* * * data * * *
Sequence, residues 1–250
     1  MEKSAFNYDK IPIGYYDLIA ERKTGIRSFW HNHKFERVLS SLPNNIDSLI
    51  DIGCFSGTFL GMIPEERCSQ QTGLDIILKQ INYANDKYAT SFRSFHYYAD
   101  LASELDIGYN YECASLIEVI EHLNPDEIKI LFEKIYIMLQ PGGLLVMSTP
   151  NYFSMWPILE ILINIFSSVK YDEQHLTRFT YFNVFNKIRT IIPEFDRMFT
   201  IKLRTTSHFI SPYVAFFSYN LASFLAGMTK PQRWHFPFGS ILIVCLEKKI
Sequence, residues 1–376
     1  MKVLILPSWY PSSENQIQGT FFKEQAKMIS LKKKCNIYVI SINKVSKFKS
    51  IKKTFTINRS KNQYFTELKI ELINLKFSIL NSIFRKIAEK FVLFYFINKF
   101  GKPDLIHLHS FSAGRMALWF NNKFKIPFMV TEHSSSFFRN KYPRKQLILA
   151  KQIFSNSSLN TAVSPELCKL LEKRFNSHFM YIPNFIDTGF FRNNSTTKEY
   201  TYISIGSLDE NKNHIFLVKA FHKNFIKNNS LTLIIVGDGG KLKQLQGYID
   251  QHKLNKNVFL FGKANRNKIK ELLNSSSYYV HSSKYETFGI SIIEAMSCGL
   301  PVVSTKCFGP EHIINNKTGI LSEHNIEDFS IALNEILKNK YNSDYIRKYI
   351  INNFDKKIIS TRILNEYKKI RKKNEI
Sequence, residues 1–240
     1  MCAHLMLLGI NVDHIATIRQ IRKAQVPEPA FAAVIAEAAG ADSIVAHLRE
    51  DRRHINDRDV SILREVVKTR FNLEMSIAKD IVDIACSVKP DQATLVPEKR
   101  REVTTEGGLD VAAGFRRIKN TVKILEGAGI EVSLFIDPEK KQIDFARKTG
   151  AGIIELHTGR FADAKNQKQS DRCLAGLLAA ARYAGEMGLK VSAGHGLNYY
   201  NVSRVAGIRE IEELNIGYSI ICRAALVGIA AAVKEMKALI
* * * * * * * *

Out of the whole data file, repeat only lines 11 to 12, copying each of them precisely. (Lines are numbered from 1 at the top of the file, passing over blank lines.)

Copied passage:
   151  KQIFSNSSLN TAVSPELCKL LEKRFNSHFM YIPNFIDTGF FRNNSTTKEY
   201  TYISIGSLDE NKNHIFLVKA FHKNFIKNNS LTLIIVGDGG KLKQLQGYID